How Big Data Is Helping to Combat COVID-19

Undeniably, the outbreak of Covid-19 has changed our world in so many ways. All of a sudden, we are faced with real time adaptation to daily routine to lengths, in many cases that would have seemed impossible to achieve so quickly just half-a-century ago. As we struggle with the economic and public health challenges springing up daily, technology is receiving greater attention from businesses and organizations as a vital component for survival but also for recovery. Indeed some argue that this period will be remembered as the first time since the industrial revolution, that technology has enabled such mass change & adaptation in such a small space of time.

COVID-19 has of course, generated gargantuan volumes of data which if incorrectly navigated poses the threat of overwhelming resources on the ground. Given the public’s desire and right to access solid and verified information, data science & big data are proving to be close & earnest allies for those involved in curbing the spread of infection and making decisions for the good of all.

Our vast warehouses, high performance computers and real time streams of data capture place us at a distinct advantage versus our predecessors when widespread diseases proved difficult to monitor. It’s no surprise that affected nations are already incorporating machine learning and AI tools in order to track the spread of the virus and critically – devise more intelligent response systems.

Real-time trackers, thermal sensors, scanners and custom-designed apps monitor exposure risk levels and human interaction patterns. All of this technology continuously collects a huge amount of data from around the world and combined – these resources are being used to aggregate, determine, and synthesize usable data at a global level so that epidemiologists, healthcare workers, scientists, and policymakers can make the best decisions to keep the public safe.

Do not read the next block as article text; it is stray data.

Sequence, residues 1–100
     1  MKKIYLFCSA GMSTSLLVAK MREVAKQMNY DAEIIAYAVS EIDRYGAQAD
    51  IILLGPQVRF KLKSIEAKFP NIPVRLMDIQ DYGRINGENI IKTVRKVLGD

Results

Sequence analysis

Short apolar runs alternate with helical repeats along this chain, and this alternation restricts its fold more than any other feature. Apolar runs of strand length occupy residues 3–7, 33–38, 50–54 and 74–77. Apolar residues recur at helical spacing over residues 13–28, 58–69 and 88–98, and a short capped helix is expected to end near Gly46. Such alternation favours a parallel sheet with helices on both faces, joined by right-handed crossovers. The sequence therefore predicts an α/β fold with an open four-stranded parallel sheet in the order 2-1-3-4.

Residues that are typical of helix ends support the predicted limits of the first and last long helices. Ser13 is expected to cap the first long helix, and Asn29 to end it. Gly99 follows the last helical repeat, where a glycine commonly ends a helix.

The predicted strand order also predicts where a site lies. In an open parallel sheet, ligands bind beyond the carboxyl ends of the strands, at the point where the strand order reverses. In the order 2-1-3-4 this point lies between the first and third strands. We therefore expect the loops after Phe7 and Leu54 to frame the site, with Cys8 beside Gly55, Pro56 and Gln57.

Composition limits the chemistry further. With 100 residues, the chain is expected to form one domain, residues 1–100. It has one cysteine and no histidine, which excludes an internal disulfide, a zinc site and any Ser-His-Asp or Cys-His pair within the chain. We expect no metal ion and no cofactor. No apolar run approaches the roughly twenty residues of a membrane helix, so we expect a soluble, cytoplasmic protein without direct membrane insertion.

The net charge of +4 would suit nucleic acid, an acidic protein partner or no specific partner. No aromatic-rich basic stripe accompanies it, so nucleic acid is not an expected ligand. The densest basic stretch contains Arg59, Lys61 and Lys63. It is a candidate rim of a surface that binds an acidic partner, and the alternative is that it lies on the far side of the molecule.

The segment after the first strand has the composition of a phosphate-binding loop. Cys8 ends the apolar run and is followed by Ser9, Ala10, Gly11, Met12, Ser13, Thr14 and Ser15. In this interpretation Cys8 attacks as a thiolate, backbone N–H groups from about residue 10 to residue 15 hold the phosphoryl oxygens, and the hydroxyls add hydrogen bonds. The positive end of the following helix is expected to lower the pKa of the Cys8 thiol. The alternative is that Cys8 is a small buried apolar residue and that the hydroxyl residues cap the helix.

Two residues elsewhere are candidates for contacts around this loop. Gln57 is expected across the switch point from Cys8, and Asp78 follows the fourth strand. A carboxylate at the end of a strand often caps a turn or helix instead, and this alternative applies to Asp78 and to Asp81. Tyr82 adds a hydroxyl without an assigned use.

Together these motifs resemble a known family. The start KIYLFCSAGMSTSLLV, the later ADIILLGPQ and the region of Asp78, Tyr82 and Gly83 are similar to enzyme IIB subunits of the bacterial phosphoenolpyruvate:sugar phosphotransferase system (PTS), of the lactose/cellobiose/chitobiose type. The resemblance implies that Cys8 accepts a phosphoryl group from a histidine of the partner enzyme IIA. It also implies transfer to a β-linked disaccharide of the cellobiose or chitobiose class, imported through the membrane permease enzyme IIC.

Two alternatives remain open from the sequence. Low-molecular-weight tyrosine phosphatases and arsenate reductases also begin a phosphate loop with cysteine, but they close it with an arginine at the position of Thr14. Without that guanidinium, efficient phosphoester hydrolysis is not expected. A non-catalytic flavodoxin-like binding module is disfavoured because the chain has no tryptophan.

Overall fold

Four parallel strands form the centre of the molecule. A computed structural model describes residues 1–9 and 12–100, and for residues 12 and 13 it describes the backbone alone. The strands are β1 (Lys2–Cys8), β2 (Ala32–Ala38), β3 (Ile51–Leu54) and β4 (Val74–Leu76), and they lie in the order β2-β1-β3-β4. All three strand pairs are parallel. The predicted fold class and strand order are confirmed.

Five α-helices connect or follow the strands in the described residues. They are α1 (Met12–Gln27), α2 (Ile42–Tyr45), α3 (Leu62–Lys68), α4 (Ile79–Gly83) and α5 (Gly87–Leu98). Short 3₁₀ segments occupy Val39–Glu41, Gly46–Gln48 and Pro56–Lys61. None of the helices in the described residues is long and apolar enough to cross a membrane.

Although we still have a long way to go to effectively harness and leverage Big Data for life sciences and medicine, Big Data is currently showing many results in the fight against the pandemic on a preemptive, data-driven basis. Big Data and Artificial Intelligence are helping to automate some important and key processes such as signal detection and analytics, as well as the integration of faster patient recruitment and bio tracing processes.

The combination of these means that there is an opportunity for a large-scale response program that can pull up data instantly, and direct us towards more individualized patient-focused treatments and as in supply chain analytics – to prioritise limited resources such as PPE, incubators and complimentary antibodies.

By developing working models for the virus using statistical modelling with the help of open data, the wealth of knowledge available from search engine providers and social media giants; big data offers real time measurement of actions whilst enabling risk mitigation though the power of scenario based analysis on a predictive level.

It’s critical to remember too that, Big Data is central in the search for a cure and vaccine for the Coronavirus. Biomedical researchers need to develop molecular models using information from their findings and many of them are already using Machine Learning and Artificial Intelligence to do this whilst keeping a map of the genomic and pharmacological databases around the world for the collective efforts between governments.  Big Data thins down the number of trials and false outcomes that normal procedures would have otherwise required, as researchers can access a narrower range of possibilities and accelerate the finding of a vaccine.

We owe a great deal to the data science, bioinformatics and technology community at this time. While Netflix indulges our imagination at home & Whatsapp and Tiktok enable all of us to communicate creatively with one another, we are all data points in this pandemic.

Big data will play a central role in the wake of this pandemic as markets recover, banks seek to lend and insurance groups ascertain what premiums to pay. While our daily lives have been dominated by stark and uncomfortable figures since late January – rest assured that data science and analytics have a place for the good of all for now and into the future & are undoubtedly accelerating the speed by which the human race will find a cure & effective response for Covid-19.

 

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Sean Devine
Sean Devine
Associate Director
Craig McConkey
Craig McConkey
Principal Consultant
Niamh Shannon
Niamh Shannon
Senior Consultant
Karla O’Rourke
Karla O’Rourke
Associate Director
Rebecca Lavery
Rebecca Lavery
Principal Consultant
Ronan O’Connor
Ronan O’Connor
Senior Recruiter
Neil McDonald
Neil McDonald
Associate Director
David Shanahan
David Shanahan
Director
Zuzana Havlova
Zuzana Havlova
Recruitment Consultant
Graeme King
Graeme King
Principal Consultant
Brendan O’Connell
Brendan O’Connell
Senior Consultant
Ruadhri McGarry
Ruadhri McGarry
Associate Director